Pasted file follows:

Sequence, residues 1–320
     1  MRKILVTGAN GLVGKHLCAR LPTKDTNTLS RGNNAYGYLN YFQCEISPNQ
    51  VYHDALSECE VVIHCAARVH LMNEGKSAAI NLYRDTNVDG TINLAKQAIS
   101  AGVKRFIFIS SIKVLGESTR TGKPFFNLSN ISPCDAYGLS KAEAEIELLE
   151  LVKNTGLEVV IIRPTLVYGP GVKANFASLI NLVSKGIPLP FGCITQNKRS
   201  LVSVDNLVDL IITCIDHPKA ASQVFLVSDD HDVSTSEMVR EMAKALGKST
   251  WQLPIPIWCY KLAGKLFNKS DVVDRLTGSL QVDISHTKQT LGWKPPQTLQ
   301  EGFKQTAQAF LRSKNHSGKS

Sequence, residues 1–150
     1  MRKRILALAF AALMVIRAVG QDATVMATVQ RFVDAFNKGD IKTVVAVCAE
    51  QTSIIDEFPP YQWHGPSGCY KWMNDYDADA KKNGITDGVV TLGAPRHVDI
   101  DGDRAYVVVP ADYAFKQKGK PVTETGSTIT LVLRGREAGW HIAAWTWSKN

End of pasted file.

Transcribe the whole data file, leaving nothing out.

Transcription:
Sequence, residues 1–320
     1  MRKILVTGAN GLVGKHLCAR LPTKDTNTLS RGNNAYGYLN YFQCEISPNQ
    51  VYHDALSECE VVIHCAARVH LMNEGKSAAI NLYRDTNVDG TINLAKQAIS
   101  AGVKRFIFIS SIKVLGESTR TGKPFFNLSN ISPCDAYGLS KAEAEIELLE
   151  LVKNTGLEVV IIRPTLVYGP GVKANFASLI NLVSKGIPLP FGCITQNKRS
   201  LVSVDNLVDL IITCIDHPKA ASQVFLVSDD HDVSTSEMVR EMAKALGKST
   251  WQLPIPIWCY KLAGKLFNKS DVVDRLTGSL QVDISHTKQT LGWKPPQTLQ
   301  EGFKQTAQAF LRSKNHSGKS

Sequence, residues 1–150
     1  MRKRILALAF AALMVIRAVG QDATVMATVQ RFVDAFNKGD IKTVVAVCAE
    51  QTSIIDEFPP YQWHGPSGCY KWMNDYDADA KKNGITDGVV TLGAPRHVDI
   101  DGDRAYVVVP ADYAFKQKGK PVTETGSTIT LVLRGREAGW HIAAWTWSKN